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shoplifting, Lake County criminal defense attorneyShoplifting is one of the most common crimes in the country, but it can have effects that are far-reaching to businesses, lawmakers, and to society as a whole. The crime is so common, in fact, that there is a National Association for Shoplifting Prevention, working to both reduce the number of shoplifting incidents in the United States and to discourage would-be shoplifters from committing such crimes. More than 10 million individuals have been arrested or accused of shoplifting in the last half decade, and current estimates suggest that 1 in every 11 people in the United States have shoplifted at one time or another.

Common Misconceptions

Because it is frequently a minor misdemeanor crime, shoplifting is often considered alongside crimes committed by juveniles, which are often offenses that do not, and cannot, affect one’s permanent record. Yet, the effects of shoplifting do, in fact, stay on a person’s record for a long time and can effect a person’s ability to find work—perpetuating an ugly cycle that, in many instances, led to the incident in the first place.

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shoplifting, retail theft, Lake County criminal defense attorneyWhile shoplifting may seem to be a rather victimless crime—the offense affects a corporation, rather than the livelihood of an immediate person—shoplifting is in fact a crime that affects us all, from law enforcement to retail managers to the legal system. Dealing with small or misdemeanor crimes such as retail theft costs money and time for communities from the ground up. And with more than 27 million shoplifters nationwide (that comes down to about one in every 11 people across the country), it is no small problem.

Surprising Statistics

Contrary to popular opinion, adults actually shoplift more than kids: three-quarters of all shoplifters are adults at the time of the alleged incident, though more than half of these admit to having begun shoplifting in their teenage years. Methods for shoplifting vary, but it is common that a person would buy something at the same time that he or she shoplifts, which some researchers say is thought to be a “cover” for these thieves. The crime is difficult to pinpoint, however, in part because the vast majority of these incidents are not pre-meditated; 73 percent of adult and 72 percent of young shoplifters report that they did not plan to steal in advance.

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search warrant, illegal search, Illinois Criminal Defense AttorneyThe Fourth Amendment protects individuals from unreasonable search and seizures of their property by law enforcement. In most cases, police are required to obtain a warrant before they are allowed to search. However, the amendment does not guarantee against all search and seizures without a warrant. There are situations where the courts will allow evidence obtained without a warrant to be admitted.

Exceptions to a warrantless search of a person’s home are as follows:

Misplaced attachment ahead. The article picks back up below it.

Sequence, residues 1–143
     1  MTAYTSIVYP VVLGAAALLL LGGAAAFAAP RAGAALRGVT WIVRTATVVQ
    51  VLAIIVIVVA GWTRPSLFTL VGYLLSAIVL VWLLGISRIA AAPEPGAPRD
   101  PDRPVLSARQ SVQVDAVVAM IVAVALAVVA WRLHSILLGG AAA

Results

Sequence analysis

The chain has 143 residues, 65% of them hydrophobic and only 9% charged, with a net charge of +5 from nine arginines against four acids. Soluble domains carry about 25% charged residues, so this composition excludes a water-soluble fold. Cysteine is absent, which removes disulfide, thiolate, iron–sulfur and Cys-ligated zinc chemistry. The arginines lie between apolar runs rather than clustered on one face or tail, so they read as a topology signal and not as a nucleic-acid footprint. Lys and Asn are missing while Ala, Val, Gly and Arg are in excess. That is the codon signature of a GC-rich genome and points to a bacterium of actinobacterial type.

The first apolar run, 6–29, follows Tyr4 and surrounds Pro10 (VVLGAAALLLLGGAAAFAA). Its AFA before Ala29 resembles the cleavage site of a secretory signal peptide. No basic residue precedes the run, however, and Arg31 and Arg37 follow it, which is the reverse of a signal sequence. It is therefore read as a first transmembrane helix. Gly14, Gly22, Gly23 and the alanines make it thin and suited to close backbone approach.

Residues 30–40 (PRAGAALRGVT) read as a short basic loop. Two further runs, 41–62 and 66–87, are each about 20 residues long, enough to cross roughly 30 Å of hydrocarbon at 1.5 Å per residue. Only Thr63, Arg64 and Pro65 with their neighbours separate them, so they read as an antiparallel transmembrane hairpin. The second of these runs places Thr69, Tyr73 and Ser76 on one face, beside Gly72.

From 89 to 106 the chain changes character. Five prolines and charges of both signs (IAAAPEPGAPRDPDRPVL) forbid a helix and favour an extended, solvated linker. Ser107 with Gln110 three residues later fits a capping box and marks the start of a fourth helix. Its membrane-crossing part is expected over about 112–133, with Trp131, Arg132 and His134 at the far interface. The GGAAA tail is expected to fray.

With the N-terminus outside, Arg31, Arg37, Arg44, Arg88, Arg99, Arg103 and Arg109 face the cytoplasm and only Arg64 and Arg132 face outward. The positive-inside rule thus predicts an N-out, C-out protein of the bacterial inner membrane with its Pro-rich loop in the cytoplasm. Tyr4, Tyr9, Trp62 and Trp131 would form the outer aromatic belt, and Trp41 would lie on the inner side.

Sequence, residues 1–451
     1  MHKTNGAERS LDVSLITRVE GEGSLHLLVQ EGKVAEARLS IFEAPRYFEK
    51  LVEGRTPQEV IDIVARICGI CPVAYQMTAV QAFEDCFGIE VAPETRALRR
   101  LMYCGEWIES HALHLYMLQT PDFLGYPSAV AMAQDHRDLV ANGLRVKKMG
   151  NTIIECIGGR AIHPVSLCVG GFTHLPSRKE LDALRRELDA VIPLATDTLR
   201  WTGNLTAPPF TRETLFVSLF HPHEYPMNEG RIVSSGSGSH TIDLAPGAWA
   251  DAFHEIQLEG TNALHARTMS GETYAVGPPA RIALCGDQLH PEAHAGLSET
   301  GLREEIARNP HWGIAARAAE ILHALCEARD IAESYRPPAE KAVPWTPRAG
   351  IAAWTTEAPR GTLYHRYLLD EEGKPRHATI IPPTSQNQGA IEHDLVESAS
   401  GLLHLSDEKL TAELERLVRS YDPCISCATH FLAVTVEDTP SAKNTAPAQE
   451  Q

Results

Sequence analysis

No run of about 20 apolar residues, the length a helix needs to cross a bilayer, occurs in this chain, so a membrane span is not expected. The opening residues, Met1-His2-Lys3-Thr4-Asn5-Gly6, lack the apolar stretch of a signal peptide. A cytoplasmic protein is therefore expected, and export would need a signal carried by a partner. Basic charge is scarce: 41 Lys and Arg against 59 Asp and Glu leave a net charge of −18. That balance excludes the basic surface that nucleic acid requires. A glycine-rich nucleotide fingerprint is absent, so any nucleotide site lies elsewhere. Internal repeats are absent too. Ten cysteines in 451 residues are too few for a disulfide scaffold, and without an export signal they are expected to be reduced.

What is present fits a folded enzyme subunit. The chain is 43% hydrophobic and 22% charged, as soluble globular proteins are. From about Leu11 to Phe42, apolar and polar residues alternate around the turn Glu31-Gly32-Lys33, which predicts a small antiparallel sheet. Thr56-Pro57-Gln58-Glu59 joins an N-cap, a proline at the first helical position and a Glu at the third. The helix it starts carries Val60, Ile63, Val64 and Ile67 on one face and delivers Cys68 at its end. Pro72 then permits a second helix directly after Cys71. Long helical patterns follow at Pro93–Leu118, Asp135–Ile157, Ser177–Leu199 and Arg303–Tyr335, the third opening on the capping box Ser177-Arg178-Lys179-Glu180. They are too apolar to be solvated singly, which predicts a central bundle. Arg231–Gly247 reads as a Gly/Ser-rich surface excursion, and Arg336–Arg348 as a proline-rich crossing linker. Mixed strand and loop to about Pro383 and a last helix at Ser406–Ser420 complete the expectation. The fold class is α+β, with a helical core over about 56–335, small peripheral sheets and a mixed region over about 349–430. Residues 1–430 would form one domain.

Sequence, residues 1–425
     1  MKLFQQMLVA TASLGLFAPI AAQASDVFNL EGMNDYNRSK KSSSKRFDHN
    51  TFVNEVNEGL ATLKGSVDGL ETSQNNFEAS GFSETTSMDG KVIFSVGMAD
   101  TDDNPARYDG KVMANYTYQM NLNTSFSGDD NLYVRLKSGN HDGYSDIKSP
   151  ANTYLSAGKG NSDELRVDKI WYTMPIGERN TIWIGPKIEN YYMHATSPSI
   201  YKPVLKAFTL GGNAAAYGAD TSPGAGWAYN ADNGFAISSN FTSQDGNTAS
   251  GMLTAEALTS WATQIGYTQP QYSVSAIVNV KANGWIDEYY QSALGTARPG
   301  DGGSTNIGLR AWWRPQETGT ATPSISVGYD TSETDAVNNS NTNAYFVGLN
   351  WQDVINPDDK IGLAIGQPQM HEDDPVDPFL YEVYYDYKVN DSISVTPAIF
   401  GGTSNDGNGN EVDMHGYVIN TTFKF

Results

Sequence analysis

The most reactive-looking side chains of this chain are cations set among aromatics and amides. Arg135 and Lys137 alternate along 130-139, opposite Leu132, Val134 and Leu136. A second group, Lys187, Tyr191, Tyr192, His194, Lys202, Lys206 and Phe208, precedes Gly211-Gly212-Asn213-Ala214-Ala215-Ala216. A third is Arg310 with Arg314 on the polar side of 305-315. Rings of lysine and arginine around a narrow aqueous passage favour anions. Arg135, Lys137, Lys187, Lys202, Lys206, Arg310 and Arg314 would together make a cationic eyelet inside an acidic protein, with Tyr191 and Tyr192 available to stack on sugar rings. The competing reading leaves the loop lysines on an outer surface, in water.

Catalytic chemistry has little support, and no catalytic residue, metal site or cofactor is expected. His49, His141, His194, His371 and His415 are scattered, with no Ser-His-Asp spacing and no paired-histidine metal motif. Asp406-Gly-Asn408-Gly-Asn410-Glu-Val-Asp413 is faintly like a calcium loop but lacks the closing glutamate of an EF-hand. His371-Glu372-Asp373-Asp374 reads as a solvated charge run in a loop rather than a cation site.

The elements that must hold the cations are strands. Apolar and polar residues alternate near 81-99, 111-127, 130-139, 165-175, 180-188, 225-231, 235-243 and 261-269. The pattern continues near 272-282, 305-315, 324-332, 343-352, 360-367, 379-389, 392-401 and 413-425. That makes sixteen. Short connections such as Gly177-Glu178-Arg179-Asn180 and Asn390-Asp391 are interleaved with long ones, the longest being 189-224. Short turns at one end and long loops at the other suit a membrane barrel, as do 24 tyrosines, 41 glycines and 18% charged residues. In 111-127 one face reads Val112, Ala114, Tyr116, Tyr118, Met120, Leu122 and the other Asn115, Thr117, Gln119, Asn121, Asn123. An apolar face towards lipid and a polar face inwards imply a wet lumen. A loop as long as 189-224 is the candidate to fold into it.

• The police have been given permission to search;
  • The person has already been arrested, and the house has been deemed in the person’s control. This is legally referred to as “search incident to arrest (SITA)”;
  • The evidence is in plain sight; and
  • The police officer feels there is probable cause to search. The legal definition and standard used for probable cause is “a reasonable amount of suspicion, supported by circumstances sufficiently strong to justify a prudent and cautious person's belief that certain facts are probably true.”

Exceptions to a warrantless search of a person’s vehicle include:

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hate crime charges in Illinois, Rolling Meadows criminal attorney"This is my damn block!" Along with a string of other expletives, these were the last words that a 24-year-old woman heard when she was walking home with her friend on a warm summer night in 2013.

Immediately thereafter, a young man and about ten other people savagely beat the two women. The 24-year-old woman suffered a broken rib along with serious cuts and abrasions. Last month, the lead attacker pleaded guilty to two counts each of hate crimes charges and aggravated burglary. He was sentenced to three years in prison.

Local authorities aggressively prosecute hate crimes. The Cook County State’s Attorney’s office has taken 44 people to court under the hate crimes statute since 2011.

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Tagged in: hate crime charges

For years, law enforcement has been able to access prescription drug databases to see if a person suspected of criminal activity is using any controlled substances. Defense attorneys have argued that these database inquiries by law enforcement amount to warrantless searches and violate the privacy rights of the individual.

However, there appears to be a shift in attitude of some courts, as well as lawmakers, to restrict what law enforcement can and cannot access without a warrant.

All but two states in the country, Nebraska and Missouri, have prescription drug databases for oxycodone and other strong narcotics. Seventeen of those states require police to obtain a warrant before they are able to search the databases. The other states – except Vermont – allow police to search without warrants, as long as there is an active investigation taking place. The Vermont system, however, is closed completely to law enforcement.

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